Greg talks about the start and end of his first motorcycle at the age of 18. My First Motorcycle.

"We had our ups, and we have definitely had our downs, but I would eventually get more than a year and 10,000 miles out of a motorcycle that I put maybe 600 bucks into." 

Bike Bio: My First Motorcycle Part 2

My First Motorcycle - Rat Bike

While hanging out with my buddy Jesse Kiser, who was heavy in the hot rod scene, I learned about rat rods. At the time, a new genre of modding, it struck a soft spot in my heart. The Kawasaki was a canvas and I found some paints... Next to an art school’s dumpster.

First I took off that big ugly nosepiece and staggered three Advance Auto Parts fog lights in between the triple trees. I went to the parts department and bought everything I needed to satisfy my ambition.

Right around the time my desire to be creative hit me, my manager bought a Hotcoat powder coating kit and oven. He told me to learn how to powder coat with two weeks of practice, powder coating anything my heart desired. About a week into it, I figured it was time to coat my gas tank. Disclaimer: If you intend to do this, let the gas tank dry inside completely before putting it into the oven.

 

Bike Bio: My First Motorcycle Part 2

The gas tank turned out great. Flat black powder coat is the most user-friendly paint that I have ever used, and the finish was perfect. Not only that, but gasoline doesn’t harm it. I finished off the plastics and de-rusted the old parts with spray paint cans. I gotta tell you, this thing was bad.

The bike was where I wanted it to be. Flat black with gloss black graphics I hand cut from leftover vinyl we had lying around. Every day the clock struck 5pm, it was a challenge to build something different or find a new way to tackle a particular project.

Side Note: Did you know that a 1985 Kawasaki GPZ600R’s rear wheel accepts a Goldwing’s rear tire? There were plenty of them in the tire pile with at least 20% tread. At 18, I had an endless supply of free burnout fuel.

 

Bike Bio: My First Motorcycle Part 2

 

The Death of My First Bike

The remainder of our time together was full of adventures. This motorcycle was the horse that showed me the western side of North Carolina and was indeed, my motorcycle. We had our ups and we have definitely had our downs, but I would eventually get more than a year and 10,000 miles out of a motorcycle that I put maybe 600 bucks into.

The last ride was fantastic. The last time I rode with my dad before this ride was on his little Honda CM400E that struggled to keep up with his everyday bike, a Kawasaki Vulcan 1600 Nomad. A ride with my dad was long overdue. My brother Joe had just bought a Suzuki SV650 in Raleigh (about two hours away), so dad and I set off to meet him there and ride back home with him. It was a beautiful autumn day, perfect temperature and a relaxing ride. The way back was a little cold and rainy, like a ominous movie overtone—something bad was about to happen.

Around the time that Dad, Joe and I were getting close to home, my dad got his last wind. I heard each pound of his twin, 800cc cylinders screamed to life as he passed me. Instinctively, Joe followed, and it soon became a father-son “my bike is still faster than yours” drag race. I, the responsible one, was forced to follow, as I needed to stay with the group. Sixth, fifth, fourth, third—go—wait a minute... where’s the power? And what’s that noise?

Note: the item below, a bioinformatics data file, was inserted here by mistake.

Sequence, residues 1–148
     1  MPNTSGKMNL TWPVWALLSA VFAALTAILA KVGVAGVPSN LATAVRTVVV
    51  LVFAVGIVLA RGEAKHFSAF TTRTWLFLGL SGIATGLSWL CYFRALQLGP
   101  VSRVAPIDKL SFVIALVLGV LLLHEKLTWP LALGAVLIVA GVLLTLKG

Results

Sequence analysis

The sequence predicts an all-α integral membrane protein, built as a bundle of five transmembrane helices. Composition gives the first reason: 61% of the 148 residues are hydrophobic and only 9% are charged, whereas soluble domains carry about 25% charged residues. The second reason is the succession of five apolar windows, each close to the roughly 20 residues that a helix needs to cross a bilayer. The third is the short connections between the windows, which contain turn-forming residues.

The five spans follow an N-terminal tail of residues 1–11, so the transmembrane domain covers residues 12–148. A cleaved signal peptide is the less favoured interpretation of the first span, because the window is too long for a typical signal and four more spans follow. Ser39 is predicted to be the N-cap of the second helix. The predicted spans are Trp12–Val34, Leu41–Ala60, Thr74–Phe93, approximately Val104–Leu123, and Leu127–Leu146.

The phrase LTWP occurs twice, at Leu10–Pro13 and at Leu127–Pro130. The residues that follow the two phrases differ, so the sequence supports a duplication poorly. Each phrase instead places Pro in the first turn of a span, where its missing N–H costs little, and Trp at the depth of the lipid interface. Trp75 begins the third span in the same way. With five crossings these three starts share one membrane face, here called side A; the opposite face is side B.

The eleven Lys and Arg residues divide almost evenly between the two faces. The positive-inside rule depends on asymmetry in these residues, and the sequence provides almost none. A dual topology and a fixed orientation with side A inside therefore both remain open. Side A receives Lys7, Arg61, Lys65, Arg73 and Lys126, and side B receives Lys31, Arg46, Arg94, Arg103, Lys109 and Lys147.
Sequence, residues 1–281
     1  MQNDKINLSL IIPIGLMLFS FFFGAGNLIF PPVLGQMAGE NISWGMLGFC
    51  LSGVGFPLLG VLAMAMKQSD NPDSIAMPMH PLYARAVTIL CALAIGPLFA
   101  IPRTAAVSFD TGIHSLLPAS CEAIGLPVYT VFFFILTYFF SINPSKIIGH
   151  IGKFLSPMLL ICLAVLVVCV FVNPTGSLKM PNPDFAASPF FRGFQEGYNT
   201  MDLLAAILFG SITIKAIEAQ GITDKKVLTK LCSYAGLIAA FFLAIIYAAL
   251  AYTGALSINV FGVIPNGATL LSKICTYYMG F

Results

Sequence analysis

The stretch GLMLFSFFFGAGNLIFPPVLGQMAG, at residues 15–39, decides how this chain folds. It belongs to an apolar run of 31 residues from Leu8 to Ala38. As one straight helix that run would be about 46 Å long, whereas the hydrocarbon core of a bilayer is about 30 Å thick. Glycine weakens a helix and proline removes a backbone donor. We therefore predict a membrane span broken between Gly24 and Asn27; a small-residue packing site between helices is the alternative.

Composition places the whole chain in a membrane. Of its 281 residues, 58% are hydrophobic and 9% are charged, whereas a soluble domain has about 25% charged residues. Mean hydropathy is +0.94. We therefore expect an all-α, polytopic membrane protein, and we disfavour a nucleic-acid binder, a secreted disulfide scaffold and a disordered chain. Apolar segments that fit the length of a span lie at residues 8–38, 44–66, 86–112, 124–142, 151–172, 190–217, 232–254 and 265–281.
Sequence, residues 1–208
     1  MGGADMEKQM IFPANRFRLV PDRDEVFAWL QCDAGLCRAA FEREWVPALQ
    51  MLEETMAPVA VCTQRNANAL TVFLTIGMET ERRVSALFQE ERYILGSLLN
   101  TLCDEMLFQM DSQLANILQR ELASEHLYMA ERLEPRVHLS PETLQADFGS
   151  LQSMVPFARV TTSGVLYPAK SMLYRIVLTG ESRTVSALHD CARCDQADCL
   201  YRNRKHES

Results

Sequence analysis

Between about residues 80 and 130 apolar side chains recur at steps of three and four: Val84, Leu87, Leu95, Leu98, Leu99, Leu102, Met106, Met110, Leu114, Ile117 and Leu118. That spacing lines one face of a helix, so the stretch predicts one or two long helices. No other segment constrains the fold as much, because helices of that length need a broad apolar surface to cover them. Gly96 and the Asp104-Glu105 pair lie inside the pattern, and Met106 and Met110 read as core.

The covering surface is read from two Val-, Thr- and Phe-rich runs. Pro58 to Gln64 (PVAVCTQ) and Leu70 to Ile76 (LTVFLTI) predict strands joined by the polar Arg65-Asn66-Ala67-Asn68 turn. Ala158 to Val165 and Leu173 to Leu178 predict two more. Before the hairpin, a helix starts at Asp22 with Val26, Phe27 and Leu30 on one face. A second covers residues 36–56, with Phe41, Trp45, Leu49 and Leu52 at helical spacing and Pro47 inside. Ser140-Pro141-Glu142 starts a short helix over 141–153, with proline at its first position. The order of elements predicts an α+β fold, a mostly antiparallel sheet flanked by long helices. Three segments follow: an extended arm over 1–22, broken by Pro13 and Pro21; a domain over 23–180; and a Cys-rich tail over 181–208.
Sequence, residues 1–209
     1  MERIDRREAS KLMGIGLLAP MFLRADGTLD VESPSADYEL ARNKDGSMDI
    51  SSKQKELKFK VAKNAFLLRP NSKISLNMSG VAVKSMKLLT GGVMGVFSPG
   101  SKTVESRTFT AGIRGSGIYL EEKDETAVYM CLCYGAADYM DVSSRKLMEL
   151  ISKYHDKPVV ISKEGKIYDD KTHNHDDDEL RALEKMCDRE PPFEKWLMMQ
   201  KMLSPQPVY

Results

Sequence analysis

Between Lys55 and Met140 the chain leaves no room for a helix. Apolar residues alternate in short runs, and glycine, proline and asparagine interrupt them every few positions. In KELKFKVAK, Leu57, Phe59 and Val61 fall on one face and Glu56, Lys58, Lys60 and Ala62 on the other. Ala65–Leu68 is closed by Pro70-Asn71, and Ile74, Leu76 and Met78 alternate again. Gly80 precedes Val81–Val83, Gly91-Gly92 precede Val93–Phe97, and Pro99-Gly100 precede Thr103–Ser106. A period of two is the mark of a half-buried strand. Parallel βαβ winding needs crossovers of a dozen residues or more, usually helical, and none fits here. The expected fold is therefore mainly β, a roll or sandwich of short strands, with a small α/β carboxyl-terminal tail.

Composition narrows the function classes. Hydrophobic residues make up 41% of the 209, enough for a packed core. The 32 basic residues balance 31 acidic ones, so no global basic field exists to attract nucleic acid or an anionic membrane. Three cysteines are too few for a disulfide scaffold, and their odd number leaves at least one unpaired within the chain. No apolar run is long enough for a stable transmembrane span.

The bike was rough, but made a lot of great memories. This is an old friend of ours, Adam Campbell.

The bike was rough, but made a lot of great memories. This is an old friend of ours, Adam Campbell.

 

Destruction and Defeat

The Kawasaki has these little orifices in the valve rocker that squirt oil to lubricate the camshaft. Cylinder number four’s exhaust lobe wasn’t getting proper lubrication because of often blockages, and it would make a ticking noise that would tell me it was time to adjust the valve clearance and free up the oil hole.

The noise I heard sounded exactly like the valve train wasn’t getting enough oil, and I thought maybe the lock nut over the adjuster had loosened. The bike had maybe fifteen horsepower, and would definitely not make the remainder of the ride on its own steam. Luckily, Joe spotted me limp off the highway in his mirror, and they brought the truck to the LZ for extraction.

The next day, my buddy Jesse came over and we pulled the valve cover off. Sure enough, no.4 exhaust needed adjustment. It was just like every other time, but I had never lost power like that! Stumped and frustrated, I reassembled everything and got ready for a ride to further troubleshoot what the noise was. Jesse hopped on his Iron Horse, and we rode around the block. I had heard this noise before—I knew what it was, but I think I just mentally blocked it.

I stopped at the end of my street and made a left turn, spun about 2,000 rpm and it exploded. The engine stopped instantly, revealing the sound of metal dinging along the pavement, followed by the low pitched hum of vaporized motor oil rushing out of the sump. Pieces of block and rod scattered everywhere: on my neighbors' yard, onto Jesse's bike behind me.

 

Bike Bio: My First Motorcycle Part 2

And then it hit me. The Ferrari on YouTube that threw a piston, the GSXR in the shop with the “do not start” sign. I had broken a connecting rod! That's what started this entire story, remembering how stupid I once was.  

I went back on Craigslist with a lump in my throat and made the ad. I was shipping out for boot camp in two weeks, and had neither the time nor a place to keep it, so I listed it for free. No more than fifteen minutes later, the new owner was backing his trailer into my dad’s driveway. We cinched the tie-down straps and he set off. I walked to the mail box, and stood hopelessly alone, as my 1985 Kawasaki GPZ 600R slowly drifted from my sight.